"It isn't helping. We've tried everything we've got. Despite that effort, he is going downhill, his oxygen levels are dropping, his kidney function is failing. I'm afraid we're losing the battle against the infection."
The intensivist looked weary and defeated. The nurses were staring at their laps, unable to look up, their eyes tearing. The hospital chaplain reached out and took his mother's hands.
After a week of heroic treatment, there was now clarity about the next step. The prayed for miracle of healing was not happening.
His mother spoke first: "Then we need to call his sister and let her know she needs to get back here as soon as she can. I need to make some calls to his friends so they can be here if they wish. He would want them here."
His father: "We know you did your best. We know you tried everything. We really appreciate everything you've done."
Two hours later, a group gathered in the waiting room outside the ICU doors. The average age was about 21; they assisted each other in tying on the gowns over their clothing, distributed gloves and masks. Together, holding each other up, they waited for the signal to come in after the ventilator had been removed and he was breathing without assistance. They entered his room and gathered around his bed.
He was ravaged by this sudden illness, his strong body beaten and giving up. His breathing was ragged and irregular, the sedation preventing response but not necessarily preventing awareness. He was surrounded by silence as each individual who had known and loved him struggled with the knowledge that this was the final goodbye.
His father approached the head of the bed and putting his gloved hands on his boy's forehead and cheek, he held this young man's face tenderly, bowing in silent prayer and then murmuring words of comfort. It's okay to let go. It's okay to leave us now. We will see you again. We'll meet again in the glory of the Lord. We know you are in His presence.
His mother stood alongside, rubbing her son's arms, gazing into his face as he slowly slowly slipped away. His father began humming, indistinguishable notes initially, just low sounds coming from a deep well of anguish and loss.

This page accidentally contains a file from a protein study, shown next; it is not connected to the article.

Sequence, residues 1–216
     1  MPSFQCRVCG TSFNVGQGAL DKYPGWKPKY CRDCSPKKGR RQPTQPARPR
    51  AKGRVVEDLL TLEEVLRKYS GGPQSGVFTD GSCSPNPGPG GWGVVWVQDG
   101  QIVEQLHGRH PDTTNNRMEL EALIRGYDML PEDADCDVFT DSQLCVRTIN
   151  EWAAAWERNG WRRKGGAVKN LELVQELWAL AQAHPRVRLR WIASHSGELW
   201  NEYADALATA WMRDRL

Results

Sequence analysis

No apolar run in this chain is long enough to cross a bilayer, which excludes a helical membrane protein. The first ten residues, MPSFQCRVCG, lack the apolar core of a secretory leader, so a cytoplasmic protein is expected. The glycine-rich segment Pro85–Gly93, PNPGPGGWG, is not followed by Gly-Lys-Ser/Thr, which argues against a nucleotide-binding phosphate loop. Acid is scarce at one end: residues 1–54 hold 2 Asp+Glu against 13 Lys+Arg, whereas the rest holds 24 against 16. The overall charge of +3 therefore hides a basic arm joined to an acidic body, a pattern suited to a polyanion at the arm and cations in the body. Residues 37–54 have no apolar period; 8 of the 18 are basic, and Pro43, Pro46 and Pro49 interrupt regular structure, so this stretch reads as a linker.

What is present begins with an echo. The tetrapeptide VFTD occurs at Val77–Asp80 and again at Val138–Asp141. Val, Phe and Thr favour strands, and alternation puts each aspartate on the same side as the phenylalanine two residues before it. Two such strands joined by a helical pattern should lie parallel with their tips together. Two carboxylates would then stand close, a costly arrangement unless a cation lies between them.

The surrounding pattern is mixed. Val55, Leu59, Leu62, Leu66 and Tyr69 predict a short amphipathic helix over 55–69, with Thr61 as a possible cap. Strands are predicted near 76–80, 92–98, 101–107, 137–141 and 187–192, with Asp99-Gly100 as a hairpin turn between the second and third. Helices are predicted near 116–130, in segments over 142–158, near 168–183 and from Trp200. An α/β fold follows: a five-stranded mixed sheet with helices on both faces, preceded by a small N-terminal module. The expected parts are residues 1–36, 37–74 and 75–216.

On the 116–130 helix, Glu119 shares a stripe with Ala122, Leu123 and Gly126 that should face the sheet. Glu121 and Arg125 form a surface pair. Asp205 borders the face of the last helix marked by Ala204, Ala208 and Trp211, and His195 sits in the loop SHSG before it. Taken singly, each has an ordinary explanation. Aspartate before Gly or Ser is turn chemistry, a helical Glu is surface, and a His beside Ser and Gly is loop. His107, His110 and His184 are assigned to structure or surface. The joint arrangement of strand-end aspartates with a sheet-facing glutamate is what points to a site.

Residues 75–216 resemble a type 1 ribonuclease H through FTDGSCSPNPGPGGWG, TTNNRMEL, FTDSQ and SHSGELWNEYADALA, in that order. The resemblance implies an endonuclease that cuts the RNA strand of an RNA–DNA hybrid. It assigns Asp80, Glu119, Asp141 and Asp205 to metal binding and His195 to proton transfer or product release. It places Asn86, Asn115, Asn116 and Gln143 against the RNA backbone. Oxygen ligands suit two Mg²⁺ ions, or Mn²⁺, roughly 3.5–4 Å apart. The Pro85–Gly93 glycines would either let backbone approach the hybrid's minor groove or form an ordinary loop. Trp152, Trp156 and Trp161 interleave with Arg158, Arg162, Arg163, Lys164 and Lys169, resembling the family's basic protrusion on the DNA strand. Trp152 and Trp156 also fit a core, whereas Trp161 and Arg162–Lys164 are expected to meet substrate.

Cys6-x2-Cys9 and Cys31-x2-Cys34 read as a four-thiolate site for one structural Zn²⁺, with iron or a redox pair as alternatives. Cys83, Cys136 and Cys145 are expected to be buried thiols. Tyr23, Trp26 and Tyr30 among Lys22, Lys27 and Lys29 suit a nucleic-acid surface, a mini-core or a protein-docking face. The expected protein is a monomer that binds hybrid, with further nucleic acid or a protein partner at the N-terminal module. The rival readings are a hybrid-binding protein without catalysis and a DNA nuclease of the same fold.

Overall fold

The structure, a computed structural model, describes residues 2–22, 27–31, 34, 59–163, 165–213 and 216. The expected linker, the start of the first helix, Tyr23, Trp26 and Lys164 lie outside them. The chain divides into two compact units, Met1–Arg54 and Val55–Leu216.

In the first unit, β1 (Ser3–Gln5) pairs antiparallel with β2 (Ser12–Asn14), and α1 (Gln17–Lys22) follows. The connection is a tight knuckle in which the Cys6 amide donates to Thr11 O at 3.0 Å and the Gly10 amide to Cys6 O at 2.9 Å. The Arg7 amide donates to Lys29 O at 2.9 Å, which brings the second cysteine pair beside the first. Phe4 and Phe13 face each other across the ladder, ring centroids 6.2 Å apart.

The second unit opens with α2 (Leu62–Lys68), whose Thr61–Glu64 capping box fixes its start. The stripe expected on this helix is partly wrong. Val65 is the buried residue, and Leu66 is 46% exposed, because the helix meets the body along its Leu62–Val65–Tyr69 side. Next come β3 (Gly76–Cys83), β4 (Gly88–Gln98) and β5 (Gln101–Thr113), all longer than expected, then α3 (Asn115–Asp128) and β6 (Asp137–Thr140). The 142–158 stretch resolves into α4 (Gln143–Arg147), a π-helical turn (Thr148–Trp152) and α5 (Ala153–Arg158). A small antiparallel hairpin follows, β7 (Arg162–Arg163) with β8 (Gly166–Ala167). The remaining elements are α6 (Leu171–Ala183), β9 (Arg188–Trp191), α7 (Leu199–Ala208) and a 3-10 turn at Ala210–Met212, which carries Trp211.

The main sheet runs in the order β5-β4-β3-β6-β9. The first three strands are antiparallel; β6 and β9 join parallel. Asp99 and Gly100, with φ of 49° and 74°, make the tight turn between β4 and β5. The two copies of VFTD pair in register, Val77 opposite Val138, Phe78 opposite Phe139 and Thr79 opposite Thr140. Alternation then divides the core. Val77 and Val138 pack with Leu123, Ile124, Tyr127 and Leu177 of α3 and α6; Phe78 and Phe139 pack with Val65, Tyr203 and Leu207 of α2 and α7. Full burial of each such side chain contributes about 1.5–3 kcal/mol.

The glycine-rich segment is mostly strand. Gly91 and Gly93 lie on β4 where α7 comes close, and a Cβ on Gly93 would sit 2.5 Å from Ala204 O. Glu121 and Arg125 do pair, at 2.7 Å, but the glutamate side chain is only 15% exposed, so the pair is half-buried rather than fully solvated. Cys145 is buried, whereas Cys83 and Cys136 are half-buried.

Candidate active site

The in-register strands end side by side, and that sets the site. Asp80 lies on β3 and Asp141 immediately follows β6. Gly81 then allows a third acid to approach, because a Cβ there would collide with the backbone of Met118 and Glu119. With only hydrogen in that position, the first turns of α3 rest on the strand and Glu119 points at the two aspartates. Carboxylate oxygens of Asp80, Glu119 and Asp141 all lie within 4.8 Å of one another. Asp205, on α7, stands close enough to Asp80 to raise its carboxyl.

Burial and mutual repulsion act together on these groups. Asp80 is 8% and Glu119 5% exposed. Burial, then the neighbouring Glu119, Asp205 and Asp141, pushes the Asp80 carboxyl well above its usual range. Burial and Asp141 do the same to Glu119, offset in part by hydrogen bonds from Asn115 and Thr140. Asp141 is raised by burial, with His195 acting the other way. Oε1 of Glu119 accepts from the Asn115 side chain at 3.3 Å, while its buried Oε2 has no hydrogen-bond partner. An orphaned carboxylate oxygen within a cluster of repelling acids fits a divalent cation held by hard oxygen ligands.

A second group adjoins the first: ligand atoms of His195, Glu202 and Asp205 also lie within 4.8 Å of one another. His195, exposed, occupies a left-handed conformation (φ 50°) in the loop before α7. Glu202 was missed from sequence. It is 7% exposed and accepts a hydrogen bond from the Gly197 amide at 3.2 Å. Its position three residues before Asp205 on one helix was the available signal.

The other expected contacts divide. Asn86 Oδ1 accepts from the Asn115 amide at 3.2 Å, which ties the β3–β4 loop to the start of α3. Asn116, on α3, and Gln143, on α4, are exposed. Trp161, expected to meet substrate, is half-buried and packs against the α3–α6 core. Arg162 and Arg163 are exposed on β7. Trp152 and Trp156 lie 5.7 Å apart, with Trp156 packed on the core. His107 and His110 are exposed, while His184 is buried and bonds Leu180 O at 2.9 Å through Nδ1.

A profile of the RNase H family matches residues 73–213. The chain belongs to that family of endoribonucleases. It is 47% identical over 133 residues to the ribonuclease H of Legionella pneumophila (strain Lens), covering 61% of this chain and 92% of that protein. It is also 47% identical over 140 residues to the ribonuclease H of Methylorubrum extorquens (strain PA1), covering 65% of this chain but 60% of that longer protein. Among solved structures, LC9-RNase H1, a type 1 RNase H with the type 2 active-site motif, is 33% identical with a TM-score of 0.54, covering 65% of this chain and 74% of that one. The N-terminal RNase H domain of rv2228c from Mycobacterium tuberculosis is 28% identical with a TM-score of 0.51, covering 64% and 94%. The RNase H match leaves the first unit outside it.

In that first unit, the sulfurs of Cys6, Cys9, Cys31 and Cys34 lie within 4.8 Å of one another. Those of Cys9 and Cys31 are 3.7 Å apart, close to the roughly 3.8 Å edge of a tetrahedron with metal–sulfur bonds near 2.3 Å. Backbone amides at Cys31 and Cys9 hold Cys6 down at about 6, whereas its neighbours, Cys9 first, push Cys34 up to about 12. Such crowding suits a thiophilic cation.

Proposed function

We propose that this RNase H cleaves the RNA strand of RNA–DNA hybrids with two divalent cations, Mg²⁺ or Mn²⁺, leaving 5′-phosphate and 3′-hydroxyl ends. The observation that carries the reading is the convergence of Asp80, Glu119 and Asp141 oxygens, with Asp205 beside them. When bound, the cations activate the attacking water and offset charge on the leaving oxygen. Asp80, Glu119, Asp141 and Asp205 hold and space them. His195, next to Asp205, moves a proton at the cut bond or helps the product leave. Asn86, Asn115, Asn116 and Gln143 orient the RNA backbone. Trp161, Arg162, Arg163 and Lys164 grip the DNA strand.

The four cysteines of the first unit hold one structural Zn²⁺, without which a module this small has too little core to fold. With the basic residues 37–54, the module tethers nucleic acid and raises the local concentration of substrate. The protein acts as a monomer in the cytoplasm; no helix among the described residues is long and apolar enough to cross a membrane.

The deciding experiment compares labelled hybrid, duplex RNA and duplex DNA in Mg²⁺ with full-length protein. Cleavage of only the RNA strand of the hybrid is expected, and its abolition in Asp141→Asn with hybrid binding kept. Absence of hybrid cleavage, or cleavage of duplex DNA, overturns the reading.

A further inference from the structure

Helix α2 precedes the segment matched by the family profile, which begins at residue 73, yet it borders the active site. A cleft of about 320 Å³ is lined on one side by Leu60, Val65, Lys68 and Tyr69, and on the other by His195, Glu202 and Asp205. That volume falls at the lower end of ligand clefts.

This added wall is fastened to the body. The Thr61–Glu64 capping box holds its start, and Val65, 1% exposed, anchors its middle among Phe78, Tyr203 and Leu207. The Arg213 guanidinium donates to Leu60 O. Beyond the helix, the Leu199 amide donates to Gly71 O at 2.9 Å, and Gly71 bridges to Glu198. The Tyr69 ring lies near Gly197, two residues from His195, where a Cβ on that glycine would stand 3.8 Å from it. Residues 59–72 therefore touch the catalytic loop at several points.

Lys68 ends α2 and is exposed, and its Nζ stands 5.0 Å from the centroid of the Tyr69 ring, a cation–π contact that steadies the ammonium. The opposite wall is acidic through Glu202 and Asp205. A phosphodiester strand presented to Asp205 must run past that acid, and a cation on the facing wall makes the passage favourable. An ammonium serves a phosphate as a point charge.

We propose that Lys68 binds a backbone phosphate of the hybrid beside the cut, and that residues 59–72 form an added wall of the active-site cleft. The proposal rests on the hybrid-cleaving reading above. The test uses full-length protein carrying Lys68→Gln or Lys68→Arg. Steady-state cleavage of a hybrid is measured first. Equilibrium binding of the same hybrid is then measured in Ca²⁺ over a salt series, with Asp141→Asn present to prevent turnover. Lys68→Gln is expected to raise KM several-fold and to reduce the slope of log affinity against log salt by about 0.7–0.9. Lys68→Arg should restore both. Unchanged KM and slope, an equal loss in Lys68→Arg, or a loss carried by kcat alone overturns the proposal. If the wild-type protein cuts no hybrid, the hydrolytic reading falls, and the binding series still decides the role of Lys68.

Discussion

As the son's breaths spaced farther apart, dad's hummed song became recognizable as the hymn of praise by John Newton, Amazing Grace, and the words started to form around the notes. At first his dad was singing alone, giving a gift to his son as he passed, and then his mom joined in as well. His sisters wept. His friends didn't know all the words but tried to sing through their tears. The chaplain helped us all when we stumbled, not knowing if we were getting it right, not ever having done anything like this before.
Amazing Grace, how sweet the sound,
That saved a wretch like me.
I once was lost but now am found,
Was blind, but now I see.
T'was Grace that taught my heart to fear.
And Grace, my fears relieved.
How precious did that Grace appear
The hour I first believed.
Through many dangers, toils and snares
I have already come;
'Tis Grace that brought me safe thus far
and Grace will lead me home.
Yea, when this flesh and heart shall fail,
And mortal life shall cease,
I shall possess within the veil,
A life of joy and peace.
When we've been here ten thousand years
Bright shining as the sun.
We've no less days to sing God's praise
Than when we've first begun.
His mom hugged each sobbing person there--the roommates, the classmates, the nurses, the doctors humbled by a powerful pathogen. She thanked each one for being present for his death, for their vigil through the week in the hospital.
His parents' grief was gracious and giving to the young people who had never seen death before, perhaps had never seen such faith in action before, and who certainly had never seen a miracle happen in a way we could not have known and could not expect. This mom and dad gave a sacred gift through their son to his friends.
And Grace will lead us home.
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